Climate change enhances extreme weather. Therefore, periods of drought are more likely to become more frequent. However, trees in a species-rich neighbourhood do not only grow better, but they are also more resistant to drought. This has been discovered by researchers at Leuphana as part of the BEF-China research project funded by the DFG. For six years, scientists studied the growth of around 3400 subtropical trees in one of the world's largest biodiversity experiments. Although drought reduces the productivity and thus also the ability of trees to remove carbon dioxide from the atmosphere, small-scale diversity can significantly reduce the losses. "The finding that interactions between different neighbours promote precisely those in the community that are most sensitive to drought is impressive. Neighbourhood diversity thus acts like a social safety net and explains why species-rich forests can be more resistant to climate change," Fichtner explains. Neighbourhood diversity can improve water availability and uptake during dry periods. For example, some tree species root shallowly and draw moisture from upper soil layers, others root deeper or pump water into upper soil layers. The competition for water is thus less intense in species-rich neighbourhoods than in neighbourhoods of the same species.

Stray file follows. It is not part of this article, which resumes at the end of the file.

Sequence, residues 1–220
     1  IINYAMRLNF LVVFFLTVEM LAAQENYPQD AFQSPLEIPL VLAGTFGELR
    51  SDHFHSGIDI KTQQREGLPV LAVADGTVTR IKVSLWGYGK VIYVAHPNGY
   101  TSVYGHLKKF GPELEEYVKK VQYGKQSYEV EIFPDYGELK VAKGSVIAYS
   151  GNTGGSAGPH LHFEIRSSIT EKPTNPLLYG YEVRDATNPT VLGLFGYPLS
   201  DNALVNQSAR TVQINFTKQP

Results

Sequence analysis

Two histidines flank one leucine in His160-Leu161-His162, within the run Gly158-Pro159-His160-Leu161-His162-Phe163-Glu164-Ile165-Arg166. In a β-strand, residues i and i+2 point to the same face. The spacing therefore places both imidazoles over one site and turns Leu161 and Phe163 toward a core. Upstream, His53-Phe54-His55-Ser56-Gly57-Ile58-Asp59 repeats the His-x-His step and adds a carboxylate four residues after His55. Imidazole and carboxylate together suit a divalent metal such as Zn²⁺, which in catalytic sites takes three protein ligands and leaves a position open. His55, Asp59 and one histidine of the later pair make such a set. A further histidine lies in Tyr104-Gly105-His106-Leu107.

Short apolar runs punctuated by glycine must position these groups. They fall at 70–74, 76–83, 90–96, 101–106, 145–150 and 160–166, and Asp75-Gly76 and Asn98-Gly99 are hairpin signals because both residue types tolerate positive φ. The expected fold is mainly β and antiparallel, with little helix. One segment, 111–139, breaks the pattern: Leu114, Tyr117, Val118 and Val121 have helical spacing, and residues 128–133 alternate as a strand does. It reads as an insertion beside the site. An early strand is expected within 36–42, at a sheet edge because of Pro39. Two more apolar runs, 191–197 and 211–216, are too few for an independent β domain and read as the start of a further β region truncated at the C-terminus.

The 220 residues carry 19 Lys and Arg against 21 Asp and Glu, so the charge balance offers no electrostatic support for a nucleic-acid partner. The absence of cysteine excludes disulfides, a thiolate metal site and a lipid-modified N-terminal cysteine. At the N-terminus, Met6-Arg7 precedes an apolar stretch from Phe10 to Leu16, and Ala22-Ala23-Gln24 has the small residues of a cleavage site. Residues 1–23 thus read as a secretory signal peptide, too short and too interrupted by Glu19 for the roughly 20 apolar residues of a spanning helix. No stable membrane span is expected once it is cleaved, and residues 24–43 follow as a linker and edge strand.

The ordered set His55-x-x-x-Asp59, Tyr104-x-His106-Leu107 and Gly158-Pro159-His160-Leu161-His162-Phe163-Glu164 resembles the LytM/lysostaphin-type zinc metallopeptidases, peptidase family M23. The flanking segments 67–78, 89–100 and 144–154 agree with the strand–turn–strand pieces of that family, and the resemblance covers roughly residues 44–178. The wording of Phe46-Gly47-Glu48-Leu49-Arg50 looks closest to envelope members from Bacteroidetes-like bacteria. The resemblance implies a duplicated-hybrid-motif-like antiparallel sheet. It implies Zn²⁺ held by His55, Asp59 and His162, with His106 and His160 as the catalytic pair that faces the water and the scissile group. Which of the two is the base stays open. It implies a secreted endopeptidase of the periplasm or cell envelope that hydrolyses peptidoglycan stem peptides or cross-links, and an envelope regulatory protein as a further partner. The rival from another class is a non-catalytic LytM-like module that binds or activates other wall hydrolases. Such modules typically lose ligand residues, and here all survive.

The higher the small-scale diversity, the better – this also holds for the whole forest. "How trees interact with each other in the local neighbourhood is important for the functioning of the entire ecosystem," Fichtner explains. Ecology therefore advocates promoting small-scale tree species diversity in the forest, especially in the tropics and subtropics, where trees grow particularly fast. Biodiversity could thus become increasingly important concerning climate change in order to stabilise the ecosystem services of forests. "Ecosystem-based solutions, such as the promotion of species-rich forests, are an important building block for climate protection strategies," says Fichtner.

Dr. Andreas Fichtner ©Leuphana/Patrizia Jäger
Dr. Andreas Fichtner is a research assistant at the Institute of Ecology.